Writing your CV as a student or graduate is tough – Googling ‘what should I include on my CV’ and being overwhelmed with choices. As you’ve probably heard, a hiring manager can look at a CV for as little as 7 seconds when considering your job application (the same length as your attention span on TikTok). So, make a good first impression. Bin these 5 words or phrases that could ruin your CV or risk getting rejected!
Avoid Describing Yourself As Creative Or Passionate
Creative, passionate, hardworking, team player, motivated and flexible are possibly the most overused words EVER when writing a CV, avoid being a basic b*tch. If every single other applicant has also used these words to describe themselves, your CV won’t stand out. And trust us, we’ve looked at enough student and graduate CVs to know that they’ve probably used at least one if not all of them
The only exception to this is when the job description specifically lists these (boring) words. However, you don’t just want to list them all under a skills header, as this doesn’t actually prove you possess the skills. Why not look into synonyms of those common words
Think about it – the worst communicator in the world could write ‘communication’ under a skills header and the hiring manager wouldn’t know the difference between them and you when reading through your CV… UNLESS you integrate the skills within your experience section using our SAR method to showcase your impact and give context to prove it instead. Boom.
You can also use online tools such as Power Thesaurus to help you find more niche synonyms to accurately describe your attitude and skill set when writing up your personal profile or experience. Go on, add some personality.
Stop Listing ‘Responsibilities Included’ In Your CV’s Experience Section
Writing ‘responsibilities included’ often leads to you just listing duties or tasks (e.g. ‘operated till’, ‘answered the phone’) but don’t worry, we’ve all been guilty of this one before.
Listing your responsibilities on your CV gives the hiring manager an idea of what you did, but doesn’t show them all the skills you used (for example answering the phone involves communication and customer service) or the impact your actions had (such as increasing customer loyalty or booking in 20+ daily appointments). Even if the hiring manager just gives the page a scan, this is guaranteed to make a better first impression if they can immediately pick out your skills and results.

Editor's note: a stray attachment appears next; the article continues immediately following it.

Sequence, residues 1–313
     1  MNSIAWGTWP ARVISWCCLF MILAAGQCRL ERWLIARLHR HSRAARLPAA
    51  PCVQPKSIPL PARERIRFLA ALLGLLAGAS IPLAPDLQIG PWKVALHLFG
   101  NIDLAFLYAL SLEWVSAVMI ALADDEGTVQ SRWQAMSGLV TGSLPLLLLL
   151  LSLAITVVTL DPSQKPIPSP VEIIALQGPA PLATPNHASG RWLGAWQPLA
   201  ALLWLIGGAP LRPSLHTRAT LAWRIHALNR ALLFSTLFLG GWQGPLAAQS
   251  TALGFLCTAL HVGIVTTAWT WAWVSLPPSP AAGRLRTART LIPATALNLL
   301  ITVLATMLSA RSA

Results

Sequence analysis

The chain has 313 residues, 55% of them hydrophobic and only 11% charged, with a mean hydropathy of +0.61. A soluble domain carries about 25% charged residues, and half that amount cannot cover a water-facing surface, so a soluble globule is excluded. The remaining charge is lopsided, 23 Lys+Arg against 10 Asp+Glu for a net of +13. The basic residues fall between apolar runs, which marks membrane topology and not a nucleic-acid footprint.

Don’t Include ‘References Available On Request’
You’ve probably seen this sentence on every single CV template you’ve ever downloaded, and in all honesty it’s pointless. The hiring manager knows this already, and by removing the phrase from your CV, you could be saving valuable space. For more excellent space saving tips (if we say so ourselves) check out our article on How To Get A 1 Page CV.
Avoid Repeating ‘Assisted’ or ‘Helped’
Just as with creative and passionate, words like ‘assisted’ and ‘helped’ are way too generic (and quite boring, let’s not put anyone to sleep here). Use strong verbs such as ‘developed’, ‘increased’, ‘collaborated’ or ‘executed’ in your experience section instead to give context to your actions. And make you sound like a boss.
Remove ‘Proficient in Microsoft Office’ From Your Skills Section
Can you tell us the definition of ‘proficient’ without Googling it? You just read it in that same old CV template and thought “yeah, that sounds good I’ll add it in”? We hate to be the ones to break it to you, but chances are you’re not proficient in Microsoft Office if the last time you used a spreadsheet was a Year 8 IT lesson. Unless you know each programme inside out (and could prove it during the interview), it’s best to leave it off at risk of major embarrassment.
Another quick tip for writing up your hard skills on a CV is to give some indicator of your skill level. This could be visuals if it’s a creative CV, but it’ll be easier for you to add on ‘2+ years’ or ‘50+ hours’ next to Microsoft Excel if you are actually proficient. This will help your CV stand out as it’s less of a risk to the hiring manager if they already understand your ability.
How To Get Help With Writing Your CV
So, when you remove these 5 words or phrases from your CV, what are you left with? A far clearer and more impressive job application for starters, and certainly one that will go further than the standard copied and pasted one you were using before. No shade.
Want to check if your CV will stand out to the hiring manager during those initial 7 seconds? At The Grad Soc we offer Virtual CV Reviews with a 48 hour turnaround, so you can stop Googling how to write a CV and start getting interviews.
We also have a Free CV Guide (because who doesn’t love a freebie) designed to help students and graduates land that dream job. What are you waiting for? Go and smash it.